Investors committed $10.7 billion to projects on Saturday, a day after Saudi Arabia and other GCC countries announced a $12.5 billion aid package, continuing the largesse they have shown Egypt since ouster of Muhammad Mursi.
The agreements include a $6.5 billion deal with Egypt's Orascom group and the Abu Dhabi-owned International Petroleum Investment Co. to build a coal-fired power plant over four years, organizers said in a statement. The deals were signed a day earlier.
Of Saturday's agreements, Cairo Financial Holding, formerly led by Investment Minister Ashraf Salman, had the second-largest investment — $1 billion into a tourism fund.
Preliminary engineering and finance agreements amounting to $5.8 billion were also signed, along with a further $5.4 billion in loans and grants from international partners and organizations.


Field fires in Syria's Hasakeh kill 10: monitor

Updated 16 June 2019
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Field fires in Syria's Hasakeh kill 10: monitor

  • Civilians and SDF forces are among the dead
  • Some people are claiming the fires were set on purpose

]QAMISHLI: Fires engulfing vital wheat fields across Syria’s northeast have killed at least 10 people, a war monitor said Sunday, as Kurdish authorities claim the blazes were set deliberately.
Kurdish authorities and the Damascus regime are competing to buy up this year’s harvest as fires — some claimed by the Daesh group — continue to scorch crops in the country’s breadbasket.
The victims included civilians and members of the Kurdish-led Syrian Democratic Forces who died while trying to extinguish the blazes since Saturday, the Britain-based Syrian Observatory for Human Rights said.
The fires in the Kurdish-majority province of Hasakah also wounded another five people, according to a spokesman for the Kurdish Red Crescent.
“The victims were trying to douse the blaze but they were trapped by the fire,” Kamal Derbas said.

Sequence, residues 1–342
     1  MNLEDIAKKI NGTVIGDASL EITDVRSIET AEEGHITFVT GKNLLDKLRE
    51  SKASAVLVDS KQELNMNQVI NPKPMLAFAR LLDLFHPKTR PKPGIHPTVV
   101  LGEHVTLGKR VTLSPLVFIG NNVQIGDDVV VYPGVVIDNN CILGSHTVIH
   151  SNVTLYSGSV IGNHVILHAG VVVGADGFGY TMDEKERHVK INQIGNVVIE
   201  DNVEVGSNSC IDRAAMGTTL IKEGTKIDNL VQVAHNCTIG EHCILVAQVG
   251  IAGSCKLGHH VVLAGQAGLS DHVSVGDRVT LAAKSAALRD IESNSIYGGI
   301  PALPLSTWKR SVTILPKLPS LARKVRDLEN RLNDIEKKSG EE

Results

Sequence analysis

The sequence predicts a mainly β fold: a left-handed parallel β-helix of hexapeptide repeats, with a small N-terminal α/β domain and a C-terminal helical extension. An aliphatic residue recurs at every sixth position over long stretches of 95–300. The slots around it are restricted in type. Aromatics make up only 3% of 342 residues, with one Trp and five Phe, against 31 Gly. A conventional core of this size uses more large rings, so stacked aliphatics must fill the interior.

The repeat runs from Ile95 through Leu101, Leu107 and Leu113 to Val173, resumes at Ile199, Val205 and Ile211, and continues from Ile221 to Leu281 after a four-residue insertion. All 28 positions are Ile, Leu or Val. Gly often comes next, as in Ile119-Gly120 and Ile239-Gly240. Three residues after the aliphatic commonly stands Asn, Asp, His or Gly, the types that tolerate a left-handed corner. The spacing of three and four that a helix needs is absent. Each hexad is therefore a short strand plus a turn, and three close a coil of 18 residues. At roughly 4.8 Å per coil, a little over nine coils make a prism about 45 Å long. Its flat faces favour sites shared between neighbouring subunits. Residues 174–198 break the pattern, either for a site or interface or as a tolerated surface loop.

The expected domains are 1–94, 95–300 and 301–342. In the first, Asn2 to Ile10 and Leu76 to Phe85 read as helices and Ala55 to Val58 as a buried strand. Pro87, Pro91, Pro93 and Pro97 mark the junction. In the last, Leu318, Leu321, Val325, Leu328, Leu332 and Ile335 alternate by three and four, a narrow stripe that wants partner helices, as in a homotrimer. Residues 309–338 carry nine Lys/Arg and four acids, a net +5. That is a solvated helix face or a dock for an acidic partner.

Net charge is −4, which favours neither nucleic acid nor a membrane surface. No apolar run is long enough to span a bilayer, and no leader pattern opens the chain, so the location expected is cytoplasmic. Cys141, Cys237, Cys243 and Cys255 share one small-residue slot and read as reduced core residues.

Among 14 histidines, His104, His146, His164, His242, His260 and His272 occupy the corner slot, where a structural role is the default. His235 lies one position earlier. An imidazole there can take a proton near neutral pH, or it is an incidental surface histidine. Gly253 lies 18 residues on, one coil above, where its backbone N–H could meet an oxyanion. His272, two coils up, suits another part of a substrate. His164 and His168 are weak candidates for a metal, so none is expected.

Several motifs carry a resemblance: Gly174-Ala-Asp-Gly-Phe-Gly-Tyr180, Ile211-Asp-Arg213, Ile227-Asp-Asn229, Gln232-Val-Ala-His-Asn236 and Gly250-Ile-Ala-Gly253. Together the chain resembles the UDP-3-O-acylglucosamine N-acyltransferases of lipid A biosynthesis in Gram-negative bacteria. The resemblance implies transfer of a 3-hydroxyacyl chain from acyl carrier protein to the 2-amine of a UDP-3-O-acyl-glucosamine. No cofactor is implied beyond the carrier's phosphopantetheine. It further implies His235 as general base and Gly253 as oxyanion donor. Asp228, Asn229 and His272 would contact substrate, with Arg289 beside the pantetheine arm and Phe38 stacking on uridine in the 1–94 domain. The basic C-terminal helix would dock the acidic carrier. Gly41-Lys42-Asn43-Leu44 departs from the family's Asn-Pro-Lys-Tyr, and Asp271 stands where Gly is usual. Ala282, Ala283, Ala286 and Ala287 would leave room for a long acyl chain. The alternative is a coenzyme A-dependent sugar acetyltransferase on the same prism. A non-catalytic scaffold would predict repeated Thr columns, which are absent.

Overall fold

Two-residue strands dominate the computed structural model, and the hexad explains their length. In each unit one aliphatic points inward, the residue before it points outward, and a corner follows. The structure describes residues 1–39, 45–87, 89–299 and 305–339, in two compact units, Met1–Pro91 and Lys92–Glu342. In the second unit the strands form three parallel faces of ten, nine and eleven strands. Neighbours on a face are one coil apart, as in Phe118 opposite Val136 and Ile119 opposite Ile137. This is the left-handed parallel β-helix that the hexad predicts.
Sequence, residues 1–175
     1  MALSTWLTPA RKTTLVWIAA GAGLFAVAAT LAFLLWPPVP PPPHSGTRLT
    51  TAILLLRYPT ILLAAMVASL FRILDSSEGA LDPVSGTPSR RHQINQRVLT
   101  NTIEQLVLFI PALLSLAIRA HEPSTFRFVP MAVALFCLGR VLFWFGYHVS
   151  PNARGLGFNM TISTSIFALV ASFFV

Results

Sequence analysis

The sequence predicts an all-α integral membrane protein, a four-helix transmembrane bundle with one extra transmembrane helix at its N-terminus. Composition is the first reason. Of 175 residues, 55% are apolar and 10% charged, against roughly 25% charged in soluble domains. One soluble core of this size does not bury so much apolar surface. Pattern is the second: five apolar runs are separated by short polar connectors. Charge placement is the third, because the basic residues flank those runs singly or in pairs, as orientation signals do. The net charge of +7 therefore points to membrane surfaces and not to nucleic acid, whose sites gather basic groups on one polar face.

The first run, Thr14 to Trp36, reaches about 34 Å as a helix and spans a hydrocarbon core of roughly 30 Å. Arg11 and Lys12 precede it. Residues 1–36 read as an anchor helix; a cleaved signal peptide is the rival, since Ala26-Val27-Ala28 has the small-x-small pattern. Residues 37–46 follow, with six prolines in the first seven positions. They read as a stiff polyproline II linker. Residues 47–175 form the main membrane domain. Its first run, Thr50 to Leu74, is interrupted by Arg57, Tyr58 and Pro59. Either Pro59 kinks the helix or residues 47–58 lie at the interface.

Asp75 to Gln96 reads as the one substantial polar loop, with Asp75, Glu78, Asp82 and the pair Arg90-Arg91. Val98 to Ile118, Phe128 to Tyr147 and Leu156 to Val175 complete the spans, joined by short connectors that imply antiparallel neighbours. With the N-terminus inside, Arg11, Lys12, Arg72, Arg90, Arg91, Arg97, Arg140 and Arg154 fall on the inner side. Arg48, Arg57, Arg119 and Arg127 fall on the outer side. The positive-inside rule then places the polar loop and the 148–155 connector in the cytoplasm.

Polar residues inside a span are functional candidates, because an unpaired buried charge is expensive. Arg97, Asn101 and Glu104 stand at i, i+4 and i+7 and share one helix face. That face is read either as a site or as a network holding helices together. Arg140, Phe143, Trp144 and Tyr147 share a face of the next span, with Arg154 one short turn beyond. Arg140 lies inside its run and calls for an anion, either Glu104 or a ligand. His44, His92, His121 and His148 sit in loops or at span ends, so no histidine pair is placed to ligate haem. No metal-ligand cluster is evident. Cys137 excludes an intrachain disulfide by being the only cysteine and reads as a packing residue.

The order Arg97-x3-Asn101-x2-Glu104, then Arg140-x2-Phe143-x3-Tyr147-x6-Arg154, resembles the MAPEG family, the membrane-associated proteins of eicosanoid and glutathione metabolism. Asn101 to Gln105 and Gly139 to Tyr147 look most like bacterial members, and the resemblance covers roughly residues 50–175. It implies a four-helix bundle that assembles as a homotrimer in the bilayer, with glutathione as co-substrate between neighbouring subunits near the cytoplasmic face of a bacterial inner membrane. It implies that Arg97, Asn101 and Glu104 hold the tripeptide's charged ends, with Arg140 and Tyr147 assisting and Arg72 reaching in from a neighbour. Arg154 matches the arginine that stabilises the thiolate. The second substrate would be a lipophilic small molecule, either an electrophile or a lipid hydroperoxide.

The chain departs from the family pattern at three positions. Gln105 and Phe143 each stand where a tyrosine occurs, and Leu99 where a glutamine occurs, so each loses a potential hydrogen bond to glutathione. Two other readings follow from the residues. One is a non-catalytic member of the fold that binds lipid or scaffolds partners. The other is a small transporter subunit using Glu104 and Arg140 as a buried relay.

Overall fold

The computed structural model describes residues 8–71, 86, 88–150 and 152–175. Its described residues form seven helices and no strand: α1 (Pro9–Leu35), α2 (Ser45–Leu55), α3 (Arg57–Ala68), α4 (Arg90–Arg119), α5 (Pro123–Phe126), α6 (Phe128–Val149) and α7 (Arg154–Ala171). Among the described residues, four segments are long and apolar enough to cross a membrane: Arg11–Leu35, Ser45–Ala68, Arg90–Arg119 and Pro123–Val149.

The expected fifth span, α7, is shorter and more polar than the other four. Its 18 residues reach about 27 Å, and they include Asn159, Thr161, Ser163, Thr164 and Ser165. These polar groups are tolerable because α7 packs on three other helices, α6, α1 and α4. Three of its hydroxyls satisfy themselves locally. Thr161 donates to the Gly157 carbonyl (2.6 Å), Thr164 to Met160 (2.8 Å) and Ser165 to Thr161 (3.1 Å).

Kurdish officials have called on the US-led coalition to help extinguish blazes in the cereal and oil-rich region under their control.
“The largest fires have ravaged up to 350,000 hectares of land,” head of the Kurdish agriculture authority Salman Baroudo told AFP.
He claimed the fires were “deliberate,” saying they serve to “stir up strife between area residents and undermine the Kurdish administration” in the country’s northeast.
He did not specify who he believed was behind the blazes.
The official state news agency SANA on Saturday blamed the field fires in Hasakah on Kurdish-led forces.
It said they deliberately sparked a blaze to prevent local farmers from selling their crops to the government.
Analysts say wheat will be key to ensuring affordable bread prices and keeping the peace in various parts of the country in the coming period.
Farmers have separately blamed the fires on revenge attacks, sparks from low-quality fuel, and even carelessness.
SANA said Saturday that other field fires in the northwestern countryside of Hama province were sparked by jihadist artillery attacks.
Clashes in the area on Saturday between government forces and militants left dozens of combatants dead, including 26 pro-regime fighters, the Observatory said.
More than 370,000 people have been killed in Syria’s war since it erupted in 2011 with a violent crackdown on anti-government protests.